News of the Week – 14th March 2016

Source: Barcroft Media

Source: Barcroft Media

Our latest weekly news digest, summarizing everything you might have missed last week in Turkey and the region.

Bombing in Kizilay Ankara

A car bomb in the Turkish capital claimed the lives of 37 people on Sunday, 125 people were wounded in the attack. Around 6:00pm a car laden with explosives crashed into a city bus at a busy bus terminal in Kizilay. Prime Minister Davutoglu has said that the attack was “almost certainly” perpetrated by the Kurdistan Workers Party (PKK), although no group has yet claimed responsibility. On March 14, the day after the attack, protesters gathered in Istanbul’s Taksim square to release a statement concerning the attacks as well as criticize the ruling administration for their inactivity in preventing the attack. The protest was met by police intervention and the crowd was dispersed with water cannons and tear gas. The explosion constitutes the third attack in Ankara since October of last year, and it has put the entire country on edge. Last month a car bomb went off at an intersection near military installations in Turkey killing 34 people, a radical branch of the PKK known as the Kurdistan Freedom Falcons (TAK) claimed responsibility. In October Daesh claimed responsibility for two suicide bombers who detonated bombs during a crowded pro-Kurdish peace rally killing 103. Our hearts go out to the families and friends who lost loved ones over the weekend.

Update: In the latest development concerning the recent Ankara bombing, today The Ministry of Interior Affairs released the identity of one of the perpetrators of the attack. The twenty-three year old perpetrator Seher Çağla Demir was from the Northeastern province of Kars and was identified as a member of the outlawed Kurdistan Worker’s Party (PKK).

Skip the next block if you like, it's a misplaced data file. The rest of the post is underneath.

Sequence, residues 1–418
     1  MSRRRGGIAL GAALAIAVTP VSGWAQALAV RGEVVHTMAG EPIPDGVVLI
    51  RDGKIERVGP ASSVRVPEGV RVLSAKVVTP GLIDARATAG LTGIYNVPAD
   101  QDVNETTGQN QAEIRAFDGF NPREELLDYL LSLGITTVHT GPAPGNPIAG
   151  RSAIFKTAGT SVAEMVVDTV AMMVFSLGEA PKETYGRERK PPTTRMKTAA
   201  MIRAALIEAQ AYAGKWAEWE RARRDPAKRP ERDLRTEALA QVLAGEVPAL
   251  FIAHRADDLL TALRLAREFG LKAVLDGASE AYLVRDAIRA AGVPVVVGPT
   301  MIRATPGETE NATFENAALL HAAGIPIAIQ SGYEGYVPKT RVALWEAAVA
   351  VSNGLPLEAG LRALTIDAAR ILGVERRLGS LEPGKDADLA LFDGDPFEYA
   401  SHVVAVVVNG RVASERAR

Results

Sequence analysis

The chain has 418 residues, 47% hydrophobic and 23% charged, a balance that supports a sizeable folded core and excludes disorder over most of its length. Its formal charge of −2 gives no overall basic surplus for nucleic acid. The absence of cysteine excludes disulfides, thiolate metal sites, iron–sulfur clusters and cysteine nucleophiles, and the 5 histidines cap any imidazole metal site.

EU Accepts Turkey’s Migrant Deal

European Union president Donald Tusk said that the recent deal regarding the relocation of refugees from the EU to Turkey sent “a very clear message that the days of irregular migration are over.” This came after the EU largely agreed to the terms of a draft agreement Turkey presented at negotiations this week. According to the agreement, the EU would send any future asylum seekers who reached its borders illegally back to Turkey, and would in return resettle a legal applicant within the 28-nation bloc. The United Nation’s refugee agency, however has expressed concern over the legality of such an agreement. Vincent Cochetel, UNHCR’s Europe regional director said that the collective expulsion of foreigners violated European and international law. Turkey currently houses more than 3 million refugees, the vast majority from war-turn Syria.

Turkish-Iranian Relations on the Mend

Prime Minister Ahmet Davutoglu met with Iranian President Hassan Rouhani in Tehran this week. The two leaders spoke amicably of strengthening economic ties despite disagreeing on most regional security issues—most notably the Syrian Civil War. The recent decision of the US and European countries to lift sanctions on Iran has reopened the 400-billion-dollar market to foreign companies, and Turkey is eager to get its fair share. Both leaders spoke of the importance of mutual trade and of regional powers, such as themselves, working together to solve regional disputes.

Curfews in the Southeast to Continue

Curfews are to be lifted in some of the neighborhoods of Diyarbakir’s historic Sur district, but Interior Minister Efkan Ala has promised new curfews in other districts. Sur has remained under 24-hour curfew since December 11th, with some residents complaining of a lack of basic necessities such as utilities and emergency medical care. As military operations appear to be winding down in Sur the Turkish government is poised to enact new curfews in other districts in an effort to rout out PKK militants. The cost to human life from these operations is staggering, with thousands dead and hundreds of thousands internally displaced in the Southeast.

PKK-affiliated group TAK claims responsibility for Ankara bombing

In an online statement, the Turkish militant group TAK has claimed responsibility for the deadly attacks. TAK is known to be an offshoot of the PKK. Following the bombing, the Turkish government had already claimed to be in possession of evidence pointing towards PKK involvement.

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